Last month, Texas got some immersion therapy to help us deal with the collective trauma lingering from the 2021 “Snowpocalypse.”

An arctic blast came through – another once-in-a-generation cold snap – just like the one we got two years ago that caused widespread grid failure throughout the state. You can read more about my family’s experience in our newly renovated passive house during the 2021 storm here.

Needless to say, when our Christmas weekend forecast showed six nights well below freezing, with temperatures falling to the low teens, there was some worry around town that we might lose power and/or water again. Compared to 2021, the days were going to be a bit warmer, the nighttime lows were a bit higher, and there were no predicted snow or ice storms. The word from that top was that we should be careful and bring our plants in, but no need for panic or hoarding.

At our house, however, there was an extra sense of security because we are lucky and privileged enough to live in one of the only Phius-certified homes in the South and the only one with Source Zero certification, which means that not only is our home incredibly healthy and comfortable even in extreme weather, it also powers itself and is designed to take whatever extreme weather throws at it.

During the 2021 storm, we lost power for more than three days, and our 6.5 kW PV array disconnected from our house and the grid to protect utility workers. Inside, our house was much more comfortable than our neighbors homes and offered an excellent additional data point showing the well-studied benefits of increased survivability in Phius projects. Still, it was frustrating knowing we had all that production potential on the roof sitting idle in the cold while I cooked breakfast on a camp stove in the snow.

So, in 2022, we ponied up for a backup battery. Freedom Solar, our local Sun Power distributor, had done a great job with our PV, and we asked them to come back and install a Tesla Powerwall. Our local municipally owned utility still doesn’t provide time-of-use rates, so until that changes, our battery is purely an insurance policy. My hope is that with more batteries and EVs connecting to the grid, we will get to put the battery to use in helping shave peak demand curves and green our grid. 

What we learned during the battery system design was that a battery backup, a PV system and a certified Phius home make a great team. Most people with backup batteries either get one to just power their critical safety loads, or need to get many batteries to cover their full operating budget. Having an ultra-low load home, efficient systems and low start-up energy costs meant our backup battery could be small while still powering the home during everyday operation.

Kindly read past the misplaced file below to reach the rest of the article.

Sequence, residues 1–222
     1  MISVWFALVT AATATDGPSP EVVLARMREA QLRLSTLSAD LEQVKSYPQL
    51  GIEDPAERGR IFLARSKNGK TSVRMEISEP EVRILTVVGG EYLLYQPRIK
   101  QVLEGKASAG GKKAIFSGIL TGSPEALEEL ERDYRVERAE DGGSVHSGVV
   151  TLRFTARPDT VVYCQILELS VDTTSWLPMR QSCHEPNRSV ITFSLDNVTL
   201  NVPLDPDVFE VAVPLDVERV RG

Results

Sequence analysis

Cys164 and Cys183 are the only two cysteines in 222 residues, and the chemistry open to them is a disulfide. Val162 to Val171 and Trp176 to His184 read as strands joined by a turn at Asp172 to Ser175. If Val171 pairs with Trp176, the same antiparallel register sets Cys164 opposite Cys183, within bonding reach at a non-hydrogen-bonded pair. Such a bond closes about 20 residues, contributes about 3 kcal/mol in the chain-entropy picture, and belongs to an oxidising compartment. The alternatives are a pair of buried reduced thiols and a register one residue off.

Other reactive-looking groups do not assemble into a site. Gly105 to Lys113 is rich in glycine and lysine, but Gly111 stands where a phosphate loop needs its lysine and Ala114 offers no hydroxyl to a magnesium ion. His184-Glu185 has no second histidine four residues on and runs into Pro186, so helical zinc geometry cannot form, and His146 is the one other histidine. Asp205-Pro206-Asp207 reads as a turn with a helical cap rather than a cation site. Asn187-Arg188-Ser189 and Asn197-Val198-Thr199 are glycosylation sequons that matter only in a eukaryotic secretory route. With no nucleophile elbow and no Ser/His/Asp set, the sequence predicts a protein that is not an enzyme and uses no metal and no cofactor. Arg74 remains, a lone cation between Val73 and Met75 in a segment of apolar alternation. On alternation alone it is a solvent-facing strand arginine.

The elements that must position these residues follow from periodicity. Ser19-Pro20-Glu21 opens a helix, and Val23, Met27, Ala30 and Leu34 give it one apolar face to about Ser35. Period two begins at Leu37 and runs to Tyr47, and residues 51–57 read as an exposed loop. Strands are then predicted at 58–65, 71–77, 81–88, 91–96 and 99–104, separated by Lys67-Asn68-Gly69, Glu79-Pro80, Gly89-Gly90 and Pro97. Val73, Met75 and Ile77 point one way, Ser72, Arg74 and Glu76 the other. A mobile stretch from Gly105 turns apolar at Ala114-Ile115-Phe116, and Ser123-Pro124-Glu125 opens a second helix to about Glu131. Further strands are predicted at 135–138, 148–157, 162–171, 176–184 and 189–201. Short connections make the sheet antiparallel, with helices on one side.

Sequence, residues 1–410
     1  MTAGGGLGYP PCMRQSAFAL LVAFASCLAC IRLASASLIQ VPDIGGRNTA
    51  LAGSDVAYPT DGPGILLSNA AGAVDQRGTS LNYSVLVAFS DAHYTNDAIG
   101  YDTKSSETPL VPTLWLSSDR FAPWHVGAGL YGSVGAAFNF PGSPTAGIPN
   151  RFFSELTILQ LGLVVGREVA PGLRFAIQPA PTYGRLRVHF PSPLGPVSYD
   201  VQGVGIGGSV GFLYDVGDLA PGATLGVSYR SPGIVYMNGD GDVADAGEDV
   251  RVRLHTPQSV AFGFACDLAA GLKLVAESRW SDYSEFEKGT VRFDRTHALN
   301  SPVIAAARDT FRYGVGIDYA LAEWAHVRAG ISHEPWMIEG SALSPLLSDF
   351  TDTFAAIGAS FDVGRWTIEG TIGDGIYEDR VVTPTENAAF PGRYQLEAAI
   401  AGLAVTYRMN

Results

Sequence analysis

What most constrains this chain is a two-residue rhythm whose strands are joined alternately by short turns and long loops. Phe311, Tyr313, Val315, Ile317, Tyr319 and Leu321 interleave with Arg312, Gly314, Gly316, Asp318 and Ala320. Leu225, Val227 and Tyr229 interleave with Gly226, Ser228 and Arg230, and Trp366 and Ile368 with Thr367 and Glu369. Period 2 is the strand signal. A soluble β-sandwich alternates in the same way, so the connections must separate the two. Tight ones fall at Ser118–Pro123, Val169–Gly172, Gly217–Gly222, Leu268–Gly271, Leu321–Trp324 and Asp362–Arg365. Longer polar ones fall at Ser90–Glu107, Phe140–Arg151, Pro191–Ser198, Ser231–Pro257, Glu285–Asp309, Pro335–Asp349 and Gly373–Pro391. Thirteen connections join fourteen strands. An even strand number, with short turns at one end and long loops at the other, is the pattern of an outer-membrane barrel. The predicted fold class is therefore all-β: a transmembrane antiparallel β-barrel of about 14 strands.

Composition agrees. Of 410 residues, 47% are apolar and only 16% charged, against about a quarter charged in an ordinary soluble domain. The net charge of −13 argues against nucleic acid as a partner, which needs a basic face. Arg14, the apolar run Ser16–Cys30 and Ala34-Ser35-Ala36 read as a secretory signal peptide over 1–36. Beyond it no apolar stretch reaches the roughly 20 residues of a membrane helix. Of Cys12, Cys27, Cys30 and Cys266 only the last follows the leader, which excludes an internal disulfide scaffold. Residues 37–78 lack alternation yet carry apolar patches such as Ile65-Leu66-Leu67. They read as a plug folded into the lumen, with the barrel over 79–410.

Our PV array is also designed to cover our total annual energy use, but is much smaller than what would be needed on a typical home. Combined, this means our PV array will fully charge our battery twice over in a single day, while also covering our daily energy use. When the power goes out, we will remain vigilant, but in theory, we don’t need to modify how we live – we can keep the lights and the heat on. You can understand why we were (kind of – for scientific reasons!) hoping the power might go out for just a little bit?

In the end, the cold snap came and went. The house was predictably comfortable and unfazed. It was damned cold outside (for Texas at least), but we had a nice long holiday weekend enjoying the ample daylight and views of our poor fruit trees, which struggled through the cold, but happily survived. The house never got stuffy despite how much time we spent inside, thanks to the constant supply of fresh filtered air brought in by our ERV. The PV provided most of our power for the week, but given these were the shortest days of the year, we were not quite net positive overall.

My biggest takeaway from the process of designing, building and now living in our home is that the Phius standard is truly the way forward in design. Our firm, Forge Craft Architecture + Design, has taken all that we learned with this and other passive house projects we’re working on and applied it to our project work in other practice areas – from affordable housing to modular and emerging construction technologies. 

We believe so strongly in this approach that we made the call last year that all of our custom home work will be designed to the Phius standard going forward. It really is the benchmark the architecture, design and construction industries need to be using. The benefits are huge, and the costs are minimal and well worth it. Outside of the myriad health and efficiency benefits, the simple peace of mind knowing that my family is going to be safe and comfortable in our home even in extreme (and seemingly more frequent) weather events is invaluable.